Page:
Listening to your intuition is important in art, and each decision you make will influence your finished piece. However, the advice and critiques of others will offer you an objective view of your work and inform your process. Accepting others' critiques of your art is hard because it is so personal, but it is also necessary.
7. Explore new ideas
If your work consists only of painted landscapes, try a portrait. If you love figure drawing, try a cityscape. Sticking to what you do best is easy, but the way to grow as an artist is to push yourself to learn more and increase your skill set. Step 3 talks about using different mediums, but you should also be changing your subject matter, as it shows you have put considerable thought into your topic.
8. Include your mistakes
Creating art is a process, and just like maths, you get more marks by including your 'working out'. A failed idea is never a failure: it is an important step in your visual inquiry process, and shows growth and development in your ideas.
9. Be consistent / Don’t rush
Everyone works differently, but the amount of thought and effort put into your work depends on you . The more time and testing put into your work, the better the finished result. As an art student, you've probably realised by now that art is the subject that needs the most of your time if you want to excel at it, and that's OK. Sometimes art is impressionist and spontaneous, but if you rush it, you skip some of the creative process and don't maximise your skills (or potential).
10. Know when to finish
Much like step 5, knowing when to finish is another important decision to make to prevent your piece from being 'overworked'.
Leonardo da Vinci said 'a painting is never finished', and while this may be true in some ways, knowing when to put down your pencil or paintbrush is an important part of producing art. More paint does not necessarily mean better quality (or grades), so don't ruin all of your work.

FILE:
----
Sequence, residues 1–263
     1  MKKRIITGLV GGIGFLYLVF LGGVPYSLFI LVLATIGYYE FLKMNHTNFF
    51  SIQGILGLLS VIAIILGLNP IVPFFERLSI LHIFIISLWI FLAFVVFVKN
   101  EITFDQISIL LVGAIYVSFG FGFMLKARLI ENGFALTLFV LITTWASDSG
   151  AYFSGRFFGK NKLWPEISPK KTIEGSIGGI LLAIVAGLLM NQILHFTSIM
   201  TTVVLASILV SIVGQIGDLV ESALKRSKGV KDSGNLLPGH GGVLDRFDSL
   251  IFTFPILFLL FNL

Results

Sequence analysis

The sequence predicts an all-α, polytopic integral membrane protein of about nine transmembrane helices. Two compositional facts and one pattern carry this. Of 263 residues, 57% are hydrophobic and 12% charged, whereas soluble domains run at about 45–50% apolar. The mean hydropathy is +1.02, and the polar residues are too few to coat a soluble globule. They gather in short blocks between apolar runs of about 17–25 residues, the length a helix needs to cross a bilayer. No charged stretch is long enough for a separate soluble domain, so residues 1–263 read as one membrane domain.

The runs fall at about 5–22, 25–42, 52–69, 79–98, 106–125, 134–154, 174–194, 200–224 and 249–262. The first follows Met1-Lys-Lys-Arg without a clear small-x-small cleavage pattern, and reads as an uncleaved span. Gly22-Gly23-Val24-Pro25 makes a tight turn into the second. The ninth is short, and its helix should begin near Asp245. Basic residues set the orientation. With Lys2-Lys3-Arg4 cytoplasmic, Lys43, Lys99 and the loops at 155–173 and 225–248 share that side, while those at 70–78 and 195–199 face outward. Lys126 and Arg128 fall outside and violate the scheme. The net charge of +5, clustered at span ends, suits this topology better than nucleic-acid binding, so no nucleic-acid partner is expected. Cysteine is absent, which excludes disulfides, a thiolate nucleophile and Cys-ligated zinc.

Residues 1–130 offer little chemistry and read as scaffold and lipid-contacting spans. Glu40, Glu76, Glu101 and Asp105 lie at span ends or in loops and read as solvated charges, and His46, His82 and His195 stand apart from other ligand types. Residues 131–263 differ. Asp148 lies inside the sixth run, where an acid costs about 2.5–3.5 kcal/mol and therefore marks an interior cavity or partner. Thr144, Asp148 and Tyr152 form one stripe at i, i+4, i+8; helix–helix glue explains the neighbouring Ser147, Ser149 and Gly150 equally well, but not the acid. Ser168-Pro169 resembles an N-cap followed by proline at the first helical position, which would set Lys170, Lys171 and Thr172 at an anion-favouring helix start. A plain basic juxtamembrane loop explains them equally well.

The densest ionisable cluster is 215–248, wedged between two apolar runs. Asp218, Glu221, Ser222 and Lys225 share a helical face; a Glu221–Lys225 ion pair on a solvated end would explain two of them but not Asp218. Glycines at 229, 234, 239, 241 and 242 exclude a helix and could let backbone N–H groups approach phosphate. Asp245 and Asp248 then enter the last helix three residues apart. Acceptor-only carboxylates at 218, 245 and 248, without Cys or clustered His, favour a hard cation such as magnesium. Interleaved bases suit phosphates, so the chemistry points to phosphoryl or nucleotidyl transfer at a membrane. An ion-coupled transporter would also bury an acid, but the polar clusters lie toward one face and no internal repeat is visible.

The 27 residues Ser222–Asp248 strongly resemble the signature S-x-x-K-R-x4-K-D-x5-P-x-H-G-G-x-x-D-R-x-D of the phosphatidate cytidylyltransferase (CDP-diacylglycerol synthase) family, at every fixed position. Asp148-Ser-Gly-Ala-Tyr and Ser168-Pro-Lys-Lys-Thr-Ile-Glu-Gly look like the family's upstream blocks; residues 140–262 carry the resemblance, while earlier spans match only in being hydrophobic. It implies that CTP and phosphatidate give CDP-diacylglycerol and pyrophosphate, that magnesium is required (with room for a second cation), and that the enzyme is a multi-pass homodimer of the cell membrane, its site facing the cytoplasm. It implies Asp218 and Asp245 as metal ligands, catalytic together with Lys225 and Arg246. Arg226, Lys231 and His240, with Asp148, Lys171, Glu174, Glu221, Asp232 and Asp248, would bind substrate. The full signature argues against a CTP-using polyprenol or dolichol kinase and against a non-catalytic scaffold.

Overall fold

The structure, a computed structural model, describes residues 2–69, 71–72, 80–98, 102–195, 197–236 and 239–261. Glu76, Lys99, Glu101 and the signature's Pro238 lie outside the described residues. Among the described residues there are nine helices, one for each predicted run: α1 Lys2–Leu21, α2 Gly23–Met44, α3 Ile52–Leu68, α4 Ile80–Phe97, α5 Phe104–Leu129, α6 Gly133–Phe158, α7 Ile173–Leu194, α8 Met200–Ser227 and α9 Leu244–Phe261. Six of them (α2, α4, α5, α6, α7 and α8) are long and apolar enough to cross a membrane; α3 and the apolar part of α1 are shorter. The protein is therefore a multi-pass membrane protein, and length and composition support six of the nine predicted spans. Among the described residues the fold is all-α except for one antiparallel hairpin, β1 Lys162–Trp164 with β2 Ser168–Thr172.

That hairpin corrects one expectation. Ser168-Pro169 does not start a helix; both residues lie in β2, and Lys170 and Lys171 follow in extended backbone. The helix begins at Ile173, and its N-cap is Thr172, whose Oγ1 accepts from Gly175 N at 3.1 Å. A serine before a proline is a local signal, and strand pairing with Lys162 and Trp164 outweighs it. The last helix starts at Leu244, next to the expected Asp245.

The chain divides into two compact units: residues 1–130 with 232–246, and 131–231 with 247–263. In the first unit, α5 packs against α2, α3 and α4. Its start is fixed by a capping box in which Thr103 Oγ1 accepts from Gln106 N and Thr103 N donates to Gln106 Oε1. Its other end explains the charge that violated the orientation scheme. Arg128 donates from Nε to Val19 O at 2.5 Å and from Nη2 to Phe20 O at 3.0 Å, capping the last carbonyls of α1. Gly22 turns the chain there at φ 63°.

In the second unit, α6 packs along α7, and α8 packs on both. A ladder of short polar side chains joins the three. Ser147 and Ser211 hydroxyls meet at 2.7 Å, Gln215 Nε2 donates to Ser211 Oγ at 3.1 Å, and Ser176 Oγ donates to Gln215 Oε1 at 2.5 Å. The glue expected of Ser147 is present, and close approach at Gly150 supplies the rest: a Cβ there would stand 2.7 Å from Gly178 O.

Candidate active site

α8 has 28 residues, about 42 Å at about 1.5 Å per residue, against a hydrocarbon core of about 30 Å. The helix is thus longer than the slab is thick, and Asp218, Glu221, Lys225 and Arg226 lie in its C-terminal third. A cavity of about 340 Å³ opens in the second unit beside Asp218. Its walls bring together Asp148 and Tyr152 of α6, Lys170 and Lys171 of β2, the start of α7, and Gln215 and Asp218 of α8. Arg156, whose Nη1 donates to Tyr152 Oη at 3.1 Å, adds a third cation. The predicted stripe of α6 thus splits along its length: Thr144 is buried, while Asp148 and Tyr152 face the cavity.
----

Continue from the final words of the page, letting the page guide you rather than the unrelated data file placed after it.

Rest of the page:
Kano Eitoku. Cypress Trees, 1590 - colour on paper with gold leaf. Tokyo National Museum, Tokyo Japan.
Accessed via http://libmma.contentdm.oclc.org/cdm/compoundobject/collection/p15324coll10/id/153737
We are always being told about the importance of nutrition to stay healthy and is especially so in the teenage years when you are under so much pressure with school, job, study, exams, sport etc. The only trouble is finding quick and easy recipes that will give you maximum nutritional benefit and still taste really great.
Journey to Health for Teens provides great quick and easy recipes. The creator, Leanne Costa, is a home economics teacher in a high school (and has three grown daughters) so knows about creating delicious healthy meals for young adults.
You can subscribe to the You Tube Channel JTH4teens or here are three videos to get you started on creating healthy snacks or you can follow JTH4teens on Facebook and Instagram.
For most people, when you see a book about Winnie the Pooh, you'll cast your mind out to childhood stories, Pooh and his cute animal friends, and a simple bear who, more often than not, has his hand (or head) in a honey jar. However, if you look closely at the conversations that Pooh has with his friends, there are some very wise and profound words of wisdom that come from this furry fellow and they are as poignant (even more so today) than when A.A. Milne first wrote the stories.